Sun Bleaching Really, Really Works

Line drying in the sun is a time honored means of brightening whites. But I had never guessed how effective it can be.

I have a pair of white bath towels which developed mysterious, spreading yellow stains all over them, stains which I could not remove no matter what I tried (Borax, oxygen bleaches, stain removers), and which I may have actually worsened by a final, desperate flirtation with chlorine bleach a few years ago.

The towels were in good condition otherwise, but I wouldn’t hang them in the bathroom because– seriously–they made us look incontinent. I downgraded them to “slop towel” status, and didn’t think about them much again, until lately, when I was considering getting rid of them, to save room. But how to do that? I have too many rags, Goodwill wouldn’t want them, and throwing them in a landfill would be beyond the pale. I pondered composting them as an experiment, but figured they’d need to be shredded.

Finally, I decided to hang them off the side of our porch for a couple weeks (in good weather, of course!), just to see what happened. Day and night, I just left them there. Turned them whenever I thought about it, then forgot about them entirely.

Today I pulled them off the porch, and they look a whole lot better. I’m shocked they’re not counter-stained by diesel particulate. There are a few intractable stains from their days as slop towels, but 95% of that nasty yellow splotching is gone. They will be rotated back into bathroom use.

Mr. Sun, I’m impressed.

Max Liebermann, The Bleaching Ground, 1882, Wallraff-Richartz Museum

Sun was once the primary way women used to keep their whites white–urine and lye were other less pleasant alternatives, as well applying bluing to counteract yellow. All of these may have been combined with sun exposure. Villages had designated, communal areas for spreading out laundry. Do an image search for “bleaching ground” and you’ll find lots of old paintings on the subject. Linen manufacturers also used to bleach linen in the sun, so you might find pics of huge operations as well as ordinary laundresses.

• Some nice factoids on old fashioned laundry techniques can be found here, at Old and Interesting.

• I’ve read that to rid yourself of perspiration stains on white shirts you can mix lemon juice and water–maybe at a 50/50 ratio? Soak perspiration stains in that and then lay shirts out in the sun to bleach. I’ve not tried that myself, since Erik and I have totally given up on wearing white.

What’s eating my cilantro?

Mrs. Homegrown here:

While we’re inviting questions, we’ve also got a question for you guys. What sort of critter likes to eat cilantro? I think it’s a critter, not a bug. There’s no sign of leaf damage, just nibbling the stems down. There’s no digging or other disturbance.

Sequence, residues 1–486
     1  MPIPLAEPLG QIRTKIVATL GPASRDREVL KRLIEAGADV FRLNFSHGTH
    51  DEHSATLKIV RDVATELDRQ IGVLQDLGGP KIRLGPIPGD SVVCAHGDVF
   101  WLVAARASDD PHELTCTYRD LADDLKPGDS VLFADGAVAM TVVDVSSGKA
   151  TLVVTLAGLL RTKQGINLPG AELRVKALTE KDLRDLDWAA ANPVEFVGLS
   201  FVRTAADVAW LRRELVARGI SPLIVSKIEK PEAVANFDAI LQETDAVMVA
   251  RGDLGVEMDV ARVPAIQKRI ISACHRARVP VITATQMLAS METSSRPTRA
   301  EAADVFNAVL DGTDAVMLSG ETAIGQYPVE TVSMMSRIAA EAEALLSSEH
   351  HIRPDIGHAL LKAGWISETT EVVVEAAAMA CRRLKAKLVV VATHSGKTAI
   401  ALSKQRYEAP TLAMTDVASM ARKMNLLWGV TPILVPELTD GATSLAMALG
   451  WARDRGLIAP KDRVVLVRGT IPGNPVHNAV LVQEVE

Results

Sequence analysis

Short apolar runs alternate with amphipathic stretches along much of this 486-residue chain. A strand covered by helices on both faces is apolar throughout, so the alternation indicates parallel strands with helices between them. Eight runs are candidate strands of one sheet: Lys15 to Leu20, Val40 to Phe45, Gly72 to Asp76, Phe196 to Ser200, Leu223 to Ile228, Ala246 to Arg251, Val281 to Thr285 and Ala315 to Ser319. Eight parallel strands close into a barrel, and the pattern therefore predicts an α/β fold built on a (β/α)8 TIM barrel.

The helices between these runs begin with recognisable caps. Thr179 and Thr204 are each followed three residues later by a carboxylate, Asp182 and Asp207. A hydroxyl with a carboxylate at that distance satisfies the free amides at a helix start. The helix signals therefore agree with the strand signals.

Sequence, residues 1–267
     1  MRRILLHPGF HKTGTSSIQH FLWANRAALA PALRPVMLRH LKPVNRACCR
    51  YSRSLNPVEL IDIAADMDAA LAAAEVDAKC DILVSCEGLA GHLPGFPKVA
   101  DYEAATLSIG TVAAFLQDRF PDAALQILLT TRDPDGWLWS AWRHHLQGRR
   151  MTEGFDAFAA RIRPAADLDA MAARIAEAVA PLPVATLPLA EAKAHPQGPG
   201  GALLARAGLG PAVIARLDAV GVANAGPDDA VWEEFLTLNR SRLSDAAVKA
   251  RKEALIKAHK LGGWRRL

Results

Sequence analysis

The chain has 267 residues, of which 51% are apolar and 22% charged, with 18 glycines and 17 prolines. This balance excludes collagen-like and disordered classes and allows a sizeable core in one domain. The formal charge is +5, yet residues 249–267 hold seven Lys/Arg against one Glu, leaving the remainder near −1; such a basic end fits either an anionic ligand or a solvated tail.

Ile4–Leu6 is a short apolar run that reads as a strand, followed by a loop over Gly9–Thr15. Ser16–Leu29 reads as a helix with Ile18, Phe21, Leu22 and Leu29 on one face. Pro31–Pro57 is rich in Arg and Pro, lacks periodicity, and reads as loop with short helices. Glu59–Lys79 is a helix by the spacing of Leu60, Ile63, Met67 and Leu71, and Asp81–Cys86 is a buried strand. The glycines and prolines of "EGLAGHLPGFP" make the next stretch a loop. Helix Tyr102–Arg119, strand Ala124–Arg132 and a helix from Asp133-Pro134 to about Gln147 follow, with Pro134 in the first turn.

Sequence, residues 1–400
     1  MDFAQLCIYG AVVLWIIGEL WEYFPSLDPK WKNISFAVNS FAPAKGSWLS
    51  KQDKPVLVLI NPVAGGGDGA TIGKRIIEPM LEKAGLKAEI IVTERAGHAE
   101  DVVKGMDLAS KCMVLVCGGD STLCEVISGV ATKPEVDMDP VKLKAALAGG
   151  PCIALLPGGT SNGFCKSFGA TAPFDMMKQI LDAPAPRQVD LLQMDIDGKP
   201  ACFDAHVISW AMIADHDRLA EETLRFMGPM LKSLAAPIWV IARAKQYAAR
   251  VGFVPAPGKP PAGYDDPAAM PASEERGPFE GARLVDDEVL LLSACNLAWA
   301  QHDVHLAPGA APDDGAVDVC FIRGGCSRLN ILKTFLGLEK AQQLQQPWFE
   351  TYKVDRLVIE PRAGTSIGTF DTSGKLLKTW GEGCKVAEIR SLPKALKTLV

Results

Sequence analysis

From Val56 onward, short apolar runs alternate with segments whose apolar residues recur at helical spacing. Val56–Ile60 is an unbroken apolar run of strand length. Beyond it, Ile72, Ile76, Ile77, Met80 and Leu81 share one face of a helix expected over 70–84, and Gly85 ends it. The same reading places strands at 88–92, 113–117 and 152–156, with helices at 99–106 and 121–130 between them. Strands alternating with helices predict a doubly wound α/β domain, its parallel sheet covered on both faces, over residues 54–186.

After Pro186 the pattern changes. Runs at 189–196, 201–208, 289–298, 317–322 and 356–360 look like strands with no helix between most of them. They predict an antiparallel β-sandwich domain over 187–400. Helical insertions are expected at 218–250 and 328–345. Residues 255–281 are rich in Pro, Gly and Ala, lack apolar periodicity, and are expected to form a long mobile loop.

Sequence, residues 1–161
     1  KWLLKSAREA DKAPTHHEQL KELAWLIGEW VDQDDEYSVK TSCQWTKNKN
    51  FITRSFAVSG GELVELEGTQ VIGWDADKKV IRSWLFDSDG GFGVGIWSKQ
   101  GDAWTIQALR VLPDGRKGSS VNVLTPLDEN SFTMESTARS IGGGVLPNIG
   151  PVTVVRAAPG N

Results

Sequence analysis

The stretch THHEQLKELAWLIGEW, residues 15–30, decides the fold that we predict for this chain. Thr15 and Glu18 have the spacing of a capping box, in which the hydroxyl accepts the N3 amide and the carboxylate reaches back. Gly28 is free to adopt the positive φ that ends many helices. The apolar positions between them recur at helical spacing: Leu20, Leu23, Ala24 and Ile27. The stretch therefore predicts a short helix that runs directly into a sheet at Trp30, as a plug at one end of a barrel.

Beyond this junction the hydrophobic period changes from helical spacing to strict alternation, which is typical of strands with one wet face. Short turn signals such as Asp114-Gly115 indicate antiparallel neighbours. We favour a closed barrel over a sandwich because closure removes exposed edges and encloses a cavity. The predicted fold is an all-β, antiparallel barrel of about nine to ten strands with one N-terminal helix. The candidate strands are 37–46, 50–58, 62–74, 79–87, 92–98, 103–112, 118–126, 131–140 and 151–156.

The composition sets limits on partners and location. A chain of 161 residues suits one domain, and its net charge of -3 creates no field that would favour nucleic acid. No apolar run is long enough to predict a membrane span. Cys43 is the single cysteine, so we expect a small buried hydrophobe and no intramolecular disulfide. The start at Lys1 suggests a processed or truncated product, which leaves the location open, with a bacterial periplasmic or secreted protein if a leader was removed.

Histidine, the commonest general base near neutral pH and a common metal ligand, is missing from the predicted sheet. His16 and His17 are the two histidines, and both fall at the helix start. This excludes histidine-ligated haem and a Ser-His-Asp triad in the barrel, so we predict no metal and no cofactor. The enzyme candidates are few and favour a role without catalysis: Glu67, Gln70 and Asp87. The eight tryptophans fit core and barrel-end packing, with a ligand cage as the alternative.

Whatever this critter is, it has a defined taste for cilantro, because the cilantro is interplanted with parsley and it never so much as touches the parsley, or anything else in the garden, for that matter. It just comes out at night and decimates the poor cilantro.

Advances in Gardening Series: The Fan

Yet another heat wave slowed our backyard redesign project, but the weather is looking more cooperative at last and things are coming along. What we thought we might do over the next few days is share some of the new things we’ve put in, and how/why we built them, just in case any of it might be useful to you.

Everything is pretty rough and ragged right now, but it will be fun to report back in a couple months and do a compare/contrast.

The Concept:

Above you see the bones of my herb fan (and lots of chaos beyond). This space used to be my herb patch, which consisted of a bunch of random plantings, some perennial, some seasonal. It somewhat useful and occasionally attractive, but  didn’t earn its keep. So what I’ve done is split my herb production into two categories: kitchen and medicinal.

The kitchen herbs are going to live in a smaller planter box, all compact and tidy (because really, how much marjoram do you need?). This new bed, The Fan, is for medicinal annuals, because I need more space to produce them in useful quantities. For instance, you need a good number of chamomile plants if you want enough to put away for tea and a little more for salves. With this in mind, I’m going to rotate “large” crops of annuals through this space, one variety per wedge.

This winter’s fan is planted with, from left to right, Calendula, chamomile and bread seed poppies. I started the Calendula and chamomile in flats ahead of time, simply to get a head start, then transplanted them into their wedges this week. Poppies don’t like to be transplanted, so I sowed those seeds today.

The original herb garden was a rough quarter circle. We kept that footprint, but used spare bricks to divide the shape into 3 smaller wedges. The bricks give me a way to walk between the wedges without compacting the soil. 

The Process:

To prepare the ground…

I first forked the original soil, because while it’s not bad soil, it was compacted. Poppies have deep taproots. Like carrots, they need loose soil, so I really worked their wedge deep. If it hadn’t been so hot, I would have done the same for all the wedges. Then I spread 1″ of good homemade compost over the whole area and a bit of alfalfa meal and forked that in about 3 inches deep. Then I watered deeply to prepare for planting.